The final 6 carbon atoms are inserted in a nucleophilic addition to the ketone groups of the carbanion 10 generated from allyltrimethylsilane 9 and n-butyllithium. In the next step the vinyl silane 11 reacts with peracetic acid in acetic acid in a radical substitution to the dilactone 12 followed by an intramolecular Friedel-Crafts alkylation with phosphorus pentoxide to diketone 13. This molecule contains all required 20 carbon atoms and is also symmetrical which facilitates the construction of the remaining 5 carbon-carbon bonds.
Reduction of the double bonds in 13 to 14 is accomplished with hydrogenation with palladium on carbon and that of the ketone groups to alcohol groups in 15 by sodium borohydride. Replacement of hydroxyl by chlorine in 17 via nucleophilic aliphatic substitution takes place through the dilactone 16 (tosyl chloride). The first C–C bond forming reaction is a kind of Birch alkylation (lithium, ammonia) with the immediate reaction product trapped with chloromethyl phenyl ether, the other chlorine atom in 17 is simply reduced. This temporary appendix will in a later stage prevent unwanted enolization. The newly formed ketone group then forms another C–C bond by photochemical Norrish reaction to 19 whose alcohol group is induced to eliminate with TsOH to alkene 20.
The double bond is reduced with hydrazine and sequential diisobutylaluminum hydride reduction and pyridinium chlorochromate oxidation of 21 forms the aldehyde 22. A second Norrish reaction then adds another C–C bond to alcohol 23 and having served its purpose the phenoxy tail is removed in several steps: a Birch reduction to diol 24, oxidation with pyridinium chlorochromate to ketoaldehyde 25 and a reverse Claisen condensation to ketone 26. A third Norrish reaction produces alcohol 27 and a second dehydration 28 and another reduction 29 at which point the synthesis is left completely without functional groups. The missing C-C bond is put in place by hydrogen pressurized dehydrogenation with palladium on carbon at 250 °C to dodecahedrane 30.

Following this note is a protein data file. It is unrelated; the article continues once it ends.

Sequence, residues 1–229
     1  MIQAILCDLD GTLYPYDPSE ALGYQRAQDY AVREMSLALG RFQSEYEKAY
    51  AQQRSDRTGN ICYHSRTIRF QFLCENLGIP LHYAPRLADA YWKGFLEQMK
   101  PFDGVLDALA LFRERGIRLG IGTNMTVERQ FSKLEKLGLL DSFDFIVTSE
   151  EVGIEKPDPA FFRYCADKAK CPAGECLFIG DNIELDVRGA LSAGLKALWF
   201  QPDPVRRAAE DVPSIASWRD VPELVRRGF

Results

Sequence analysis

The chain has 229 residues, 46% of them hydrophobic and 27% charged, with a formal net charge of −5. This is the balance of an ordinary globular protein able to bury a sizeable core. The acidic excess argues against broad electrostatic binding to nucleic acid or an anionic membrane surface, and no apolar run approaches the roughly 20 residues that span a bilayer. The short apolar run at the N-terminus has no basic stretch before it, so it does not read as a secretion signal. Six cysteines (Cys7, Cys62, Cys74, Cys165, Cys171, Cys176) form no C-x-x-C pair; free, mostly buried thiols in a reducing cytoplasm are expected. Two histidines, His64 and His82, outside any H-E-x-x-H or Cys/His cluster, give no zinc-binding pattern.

In Prinzbach's optimized route from pagodane to dodecahedrane, the original low-yielding isomerization of parent pagodane to dodecahedrane is replaced by a longer but higher yielding sequence - which nevertheless still relies heavily on pagodane derivatives. In the scheme below, the divergence from the original happens after compound 16.
A variety of dodecahedrane derivatives have been synthesized and reported in the literature.
Substitution of all 20 hydrogens by fluorine atoms yields the relatively unstable perfluorododecahedrane C20F20, which was obtained in milligram quantities. Trace amounts of the analogous perchlorododecahedrane C20Cl20 were obtained, among other partially chlorinated derivatives, by reacting C
20 dissolved in liquid chlorine under pressure at about 140 °C and under intense light for five days. Complete replacement by heavier halogens seems increasingly difficult due to their larger size. Half or more of the hydrogen atoms can be substituted by hydroxyl groups to yield polyols, but the extreme compound C20(OH)20 remained elusive as of 2006.
Molecules whose framework forms a closed cage, like dodecahedrane and buckminsterfullerene, can encapsulate atoms and small molecules in the hollow space within. Those insertions are not chemically bonded to the caging compound, but merely mechanically trapped in it.
Cross, Saunders and Prinzbach succeeded in encapsulating helium atoms in dodecahedrane by shooting ions He+ at a film of the compound. They obtained microgram quantities of He@C
20 (the "@" being the standard notation for encapsulation), which they described as a quite stable substance. The molecule has been described as "the world's smallest helium balloon".